Webb wants all levels to rise

Whenever a World Cup comes around,
there is inevitably an increase in football being played and watched and money
generated. Irrespective of the recent tournament in South Africa, Cayman’s
football scene has been flourishing since Hurricane Ivan decimated the sport
here in 2004.

The fact that every district now
has an international class stadium also helps. At all levels of the game,
people are enjoying playing. Sunday league and five-a-side football have more
participants than ever in Cayman.

Jeffrey Webb, president of the
Cayman Islands Football Association, is pleased to see such mass participation.
Webb was a match commissioner for the FIFA delegation in South Africa and he is
also vice chairman of the FIFA Internal Committee.

“This is tremendous,” he said. “It
also shows the power of football, not only from a competition standpoint in
terms of Premier League, but also from a recreational aspect too. It just goes
to show the power and love Cayman has for the game and the community spirit it

“We are working with these leagues
and are ensuring that they are all sanctioned by CIFA and they all come in line
with our statutes and rules and regulations. We want to encourage it and
support it because it is also great for the country as a whole when it comes to
health, recreation and giving people the opportunity for exercise.”

Webb is going to ensure that
players banned from playing in 11-a-side leagues don’t sneak in and play in the
Sunday games, where they think they are immune from bans. “Anyone who is banned
from football is banned throughout our football leagues.”

Webb is pleased with five-a-side
football’s growth here, and even watched some Nations Cup tournament games put
on by King’s Sports Centre director Ray Singh earlier this year. “Rex Ebanks
(King’s owner), Ray and his staff are doing a tremendous job in developing the
game. It is a great accomplishment that thousands of people here are playing
football every day. The game is fun. Small pitch, exciting and it’s good
exercise for top players when they’re out of season and keep their sharpness.”

Honduras in the World Cup lost
their first two games and tied their last one with Switzerland. Webb thinks
Honduras will get stronger because they are a young team. “They did well
considering they were so young. From a CONCACAF standpoint we were very pleased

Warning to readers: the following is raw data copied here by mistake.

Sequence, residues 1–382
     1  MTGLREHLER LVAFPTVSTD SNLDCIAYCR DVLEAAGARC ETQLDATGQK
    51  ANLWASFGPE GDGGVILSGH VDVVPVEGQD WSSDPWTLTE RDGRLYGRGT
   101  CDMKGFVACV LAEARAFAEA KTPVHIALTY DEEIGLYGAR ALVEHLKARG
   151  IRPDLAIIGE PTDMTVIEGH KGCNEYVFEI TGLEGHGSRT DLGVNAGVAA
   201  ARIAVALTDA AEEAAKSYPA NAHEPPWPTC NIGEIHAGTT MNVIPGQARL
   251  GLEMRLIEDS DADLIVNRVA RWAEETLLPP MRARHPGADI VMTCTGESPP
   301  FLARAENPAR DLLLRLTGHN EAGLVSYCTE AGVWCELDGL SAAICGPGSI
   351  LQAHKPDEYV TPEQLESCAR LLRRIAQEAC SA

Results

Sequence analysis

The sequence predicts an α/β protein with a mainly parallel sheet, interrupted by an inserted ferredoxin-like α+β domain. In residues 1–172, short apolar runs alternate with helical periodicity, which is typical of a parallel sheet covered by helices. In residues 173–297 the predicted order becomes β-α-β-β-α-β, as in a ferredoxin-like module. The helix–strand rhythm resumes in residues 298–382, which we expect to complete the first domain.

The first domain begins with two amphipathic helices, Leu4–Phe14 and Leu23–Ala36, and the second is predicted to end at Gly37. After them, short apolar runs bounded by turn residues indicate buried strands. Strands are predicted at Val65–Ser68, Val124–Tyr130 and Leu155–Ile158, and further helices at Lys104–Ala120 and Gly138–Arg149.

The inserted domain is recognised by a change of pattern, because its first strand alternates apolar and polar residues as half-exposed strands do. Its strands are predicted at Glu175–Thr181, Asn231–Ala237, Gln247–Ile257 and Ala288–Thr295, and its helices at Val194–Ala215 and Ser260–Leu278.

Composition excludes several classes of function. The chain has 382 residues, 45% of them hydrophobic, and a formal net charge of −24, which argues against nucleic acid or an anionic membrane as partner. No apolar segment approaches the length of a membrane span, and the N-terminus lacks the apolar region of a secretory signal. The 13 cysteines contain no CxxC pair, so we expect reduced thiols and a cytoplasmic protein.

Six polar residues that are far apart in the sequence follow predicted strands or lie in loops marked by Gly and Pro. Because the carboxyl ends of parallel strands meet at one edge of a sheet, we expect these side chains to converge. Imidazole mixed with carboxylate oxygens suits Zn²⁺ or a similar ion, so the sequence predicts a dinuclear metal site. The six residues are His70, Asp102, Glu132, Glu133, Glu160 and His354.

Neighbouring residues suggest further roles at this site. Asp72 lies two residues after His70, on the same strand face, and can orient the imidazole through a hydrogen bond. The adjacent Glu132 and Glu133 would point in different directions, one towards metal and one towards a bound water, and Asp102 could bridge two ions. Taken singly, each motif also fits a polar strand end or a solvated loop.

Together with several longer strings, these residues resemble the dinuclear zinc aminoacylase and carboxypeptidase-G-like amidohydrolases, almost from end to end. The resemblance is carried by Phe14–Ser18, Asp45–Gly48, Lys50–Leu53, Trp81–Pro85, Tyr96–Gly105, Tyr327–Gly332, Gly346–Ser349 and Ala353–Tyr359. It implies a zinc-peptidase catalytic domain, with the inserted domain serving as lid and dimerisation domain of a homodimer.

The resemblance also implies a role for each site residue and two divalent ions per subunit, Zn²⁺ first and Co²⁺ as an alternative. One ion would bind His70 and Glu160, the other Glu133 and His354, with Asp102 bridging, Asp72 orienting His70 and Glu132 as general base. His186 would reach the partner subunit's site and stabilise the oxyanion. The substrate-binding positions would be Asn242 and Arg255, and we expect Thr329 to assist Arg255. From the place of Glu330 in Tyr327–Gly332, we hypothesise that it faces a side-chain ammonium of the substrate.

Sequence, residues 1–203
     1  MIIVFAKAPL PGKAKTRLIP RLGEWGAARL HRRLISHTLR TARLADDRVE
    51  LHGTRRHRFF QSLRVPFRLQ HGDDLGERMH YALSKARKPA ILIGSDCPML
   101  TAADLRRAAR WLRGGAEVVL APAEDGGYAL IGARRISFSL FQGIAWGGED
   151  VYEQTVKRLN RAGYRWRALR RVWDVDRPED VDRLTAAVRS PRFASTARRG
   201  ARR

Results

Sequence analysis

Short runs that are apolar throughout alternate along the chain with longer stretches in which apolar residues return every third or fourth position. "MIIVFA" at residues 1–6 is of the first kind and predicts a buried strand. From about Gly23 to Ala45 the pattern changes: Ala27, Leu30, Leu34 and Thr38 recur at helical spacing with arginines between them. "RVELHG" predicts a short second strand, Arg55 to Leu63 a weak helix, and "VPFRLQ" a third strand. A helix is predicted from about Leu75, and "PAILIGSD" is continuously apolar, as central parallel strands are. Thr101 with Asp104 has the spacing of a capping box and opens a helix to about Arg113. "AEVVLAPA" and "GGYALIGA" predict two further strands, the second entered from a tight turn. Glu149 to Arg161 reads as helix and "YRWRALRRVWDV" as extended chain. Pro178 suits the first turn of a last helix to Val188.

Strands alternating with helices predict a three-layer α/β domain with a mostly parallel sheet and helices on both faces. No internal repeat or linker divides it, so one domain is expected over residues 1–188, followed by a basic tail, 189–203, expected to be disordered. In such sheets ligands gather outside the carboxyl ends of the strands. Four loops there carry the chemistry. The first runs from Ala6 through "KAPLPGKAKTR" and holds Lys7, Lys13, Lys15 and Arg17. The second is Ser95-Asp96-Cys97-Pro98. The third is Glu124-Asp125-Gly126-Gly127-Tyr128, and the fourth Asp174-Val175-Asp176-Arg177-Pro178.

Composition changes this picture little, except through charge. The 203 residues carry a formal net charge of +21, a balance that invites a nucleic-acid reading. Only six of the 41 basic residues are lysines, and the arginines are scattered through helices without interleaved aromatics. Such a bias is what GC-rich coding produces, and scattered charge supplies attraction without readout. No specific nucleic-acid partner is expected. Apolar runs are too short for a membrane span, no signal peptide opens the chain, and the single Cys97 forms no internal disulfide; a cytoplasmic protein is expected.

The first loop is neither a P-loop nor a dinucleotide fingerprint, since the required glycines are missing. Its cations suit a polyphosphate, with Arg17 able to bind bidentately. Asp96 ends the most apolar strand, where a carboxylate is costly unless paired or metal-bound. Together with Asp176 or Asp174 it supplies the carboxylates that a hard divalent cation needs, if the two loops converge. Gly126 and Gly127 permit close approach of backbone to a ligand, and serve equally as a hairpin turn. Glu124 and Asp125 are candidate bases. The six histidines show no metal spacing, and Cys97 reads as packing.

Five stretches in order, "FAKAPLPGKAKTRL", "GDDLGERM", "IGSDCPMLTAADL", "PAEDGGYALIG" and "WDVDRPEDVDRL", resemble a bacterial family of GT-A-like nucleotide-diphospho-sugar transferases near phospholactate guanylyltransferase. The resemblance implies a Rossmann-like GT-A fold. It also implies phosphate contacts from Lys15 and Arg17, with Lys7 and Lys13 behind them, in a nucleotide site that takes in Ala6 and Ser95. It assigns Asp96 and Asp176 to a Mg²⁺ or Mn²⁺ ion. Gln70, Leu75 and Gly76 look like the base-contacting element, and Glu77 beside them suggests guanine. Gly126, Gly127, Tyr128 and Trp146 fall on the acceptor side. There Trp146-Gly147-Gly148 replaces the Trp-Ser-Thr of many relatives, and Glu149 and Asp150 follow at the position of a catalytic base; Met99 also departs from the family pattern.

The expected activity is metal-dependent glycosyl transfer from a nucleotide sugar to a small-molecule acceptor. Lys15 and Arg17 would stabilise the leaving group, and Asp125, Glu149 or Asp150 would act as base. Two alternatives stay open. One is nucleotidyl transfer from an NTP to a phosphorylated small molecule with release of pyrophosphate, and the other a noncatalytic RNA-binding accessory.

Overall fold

with all three of our teams; USA, Mexico and Honduras. I think Honduras will
definitely be favourites to qualify again for the next World Cup tournament in
Brazil in 2014.”

For many English-speaking people in
the Caribbean it was sad not to see Trinidad & Tobago and Jamaica not
competing in South Africa, and Webb hopes they will get adequate support to
make that happen next time.

“When countries qualify for the
World Cup they get tremendous government support. When Trinidad & Tobago
qualified for Germany 2006, their government spent close to $30 million and
Jamaica too when they qualified for France 1998.

“I think Trinidad will change now
that Jack Warner (FIFA vice-president) is in the ruling party and they will be
in the reckoning for the next World Cup.”

FIFA made over $2 billion profit
from the recent World Cup, but few realise that over 90 per cent of their
revenue comes from this tournament and many other FIFA tournaments are ‘loss
leaders’. They only break even or lose money on other events like World Cup
tournaments for women and youths. There is also substantial funding around the
globe for development programmes for small countries like the Cayman Islands
without any hope of recouping their output.

“Everything is generated from the
World Cup,” Webb says. “That is our crown jewel. In recognition of that we’ve
tried to put FIFA on a better financial footing and built up $1.2 billion in
reserves which, of course, is for situations like if the World Cup cannot take
place in a pandemic outbreak or a world war starts. Then FIFA can at least
continue at the level it is doing now.”

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